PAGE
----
I have two sisters who have already had their names removed from the records of the church. They were not excommunicated formally, but they no longer wanted anything to do with Mormonism. Some of their problems with the church are similar to mine, others are not. I have watched them and I know that they have gone on to have good lives, perhaps better than they had when they were angry with the church. But at this point in my life, I don't want to follow their paths.

If I care so much about remaining in the Mormon church, why do I keep writing and publishing essays that ask difficult questions about Mormon doctrine? Two reasons.

One, every time I do this I get private messages from those who wonder the same things and who are afraid to ask openly. These people commend my bravery, and beg me to keep asking because they don't know how they can continue to attend church if the same policies continue. They tell me that they need to know that there are others out there who ask the same questions because they feel so alone, muzzled, and shamed.

Two, I continue because the years I kept my mouth shut were the years that I was suicidal and could not believe in God. I think that if I am to keep up my mental health, I must continue to be open about my true self. If Mormonism demands that I cannot respectfully and honestly give voice to real questions and real concerns then it cannot be the place for me to stay. I cannot be less than who I am. I tried it. It would kill me to do it again.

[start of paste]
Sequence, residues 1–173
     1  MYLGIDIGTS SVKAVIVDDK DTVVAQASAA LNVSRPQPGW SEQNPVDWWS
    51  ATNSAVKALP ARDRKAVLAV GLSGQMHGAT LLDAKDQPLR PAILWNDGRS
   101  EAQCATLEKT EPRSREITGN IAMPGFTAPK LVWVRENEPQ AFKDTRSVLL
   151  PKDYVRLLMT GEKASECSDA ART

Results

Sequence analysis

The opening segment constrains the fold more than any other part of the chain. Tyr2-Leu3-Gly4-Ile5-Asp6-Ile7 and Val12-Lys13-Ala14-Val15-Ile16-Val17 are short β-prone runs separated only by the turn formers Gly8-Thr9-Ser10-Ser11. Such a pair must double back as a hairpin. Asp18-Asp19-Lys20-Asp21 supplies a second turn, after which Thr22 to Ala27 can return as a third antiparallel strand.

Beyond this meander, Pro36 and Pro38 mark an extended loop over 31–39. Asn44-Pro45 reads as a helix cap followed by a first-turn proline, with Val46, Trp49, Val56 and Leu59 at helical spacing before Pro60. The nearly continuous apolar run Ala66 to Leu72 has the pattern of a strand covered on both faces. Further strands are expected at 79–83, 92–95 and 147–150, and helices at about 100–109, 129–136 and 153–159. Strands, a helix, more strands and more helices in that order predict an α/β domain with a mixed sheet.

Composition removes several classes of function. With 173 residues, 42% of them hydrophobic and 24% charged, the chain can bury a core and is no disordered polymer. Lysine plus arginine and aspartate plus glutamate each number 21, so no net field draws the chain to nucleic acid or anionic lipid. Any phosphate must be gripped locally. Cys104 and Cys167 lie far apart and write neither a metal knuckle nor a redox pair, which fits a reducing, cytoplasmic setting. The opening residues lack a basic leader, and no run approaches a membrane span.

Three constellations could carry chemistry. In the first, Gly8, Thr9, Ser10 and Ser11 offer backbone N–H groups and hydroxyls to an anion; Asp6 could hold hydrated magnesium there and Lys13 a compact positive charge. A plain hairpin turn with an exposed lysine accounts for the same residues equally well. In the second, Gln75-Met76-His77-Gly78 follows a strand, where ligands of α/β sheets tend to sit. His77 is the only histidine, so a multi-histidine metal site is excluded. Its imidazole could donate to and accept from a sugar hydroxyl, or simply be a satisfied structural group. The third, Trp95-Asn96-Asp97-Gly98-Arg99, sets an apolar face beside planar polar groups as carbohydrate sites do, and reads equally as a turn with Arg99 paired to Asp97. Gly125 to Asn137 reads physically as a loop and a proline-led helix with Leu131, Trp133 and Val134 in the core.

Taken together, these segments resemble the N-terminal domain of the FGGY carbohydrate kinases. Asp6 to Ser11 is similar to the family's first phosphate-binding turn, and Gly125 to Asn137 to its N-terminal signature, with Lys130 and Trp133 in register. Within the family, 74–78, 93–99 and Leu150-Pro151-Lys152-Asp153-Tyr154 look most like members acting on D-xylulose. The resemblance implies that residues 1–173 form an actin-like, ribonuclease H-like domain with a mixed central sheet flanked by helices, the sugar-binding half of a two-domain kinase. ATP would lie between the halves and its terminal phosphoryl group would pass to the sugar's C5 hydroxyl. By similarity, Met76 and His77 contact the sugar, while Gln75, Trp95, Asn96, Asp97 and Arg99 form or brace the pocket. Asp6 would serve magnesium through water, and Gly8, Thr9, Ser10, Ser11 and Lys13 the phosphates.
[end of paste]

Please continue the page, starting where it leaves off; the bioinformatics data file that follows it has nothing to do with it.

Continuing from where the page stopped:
Many non-members have told me that my essays and books about Mormonism have led them to a better opinion of the church. Many members have told me that they find my work inspiring and faith-promoting. Others tell me that I should be excommunicated. When these Mormons try to "correct" untruths they see in my writing, I am a little amused. I don't write to try to contain all truth in one form. This would be impossible, but it is also simply not my interest. I write what I write in order to express myself as well as I possibly can, at the moment that I am writing.

I have come to believe that the best writing is the most vulnerable, unique, and subjective thing in the world. It's neither true nor false in any objective sense and doesn't try to be. It is simply a representation of one person in one moment in time using the most concrete words possible to duplicate their experience. This is who I am. I hope who I am is still allowed to be Mormon.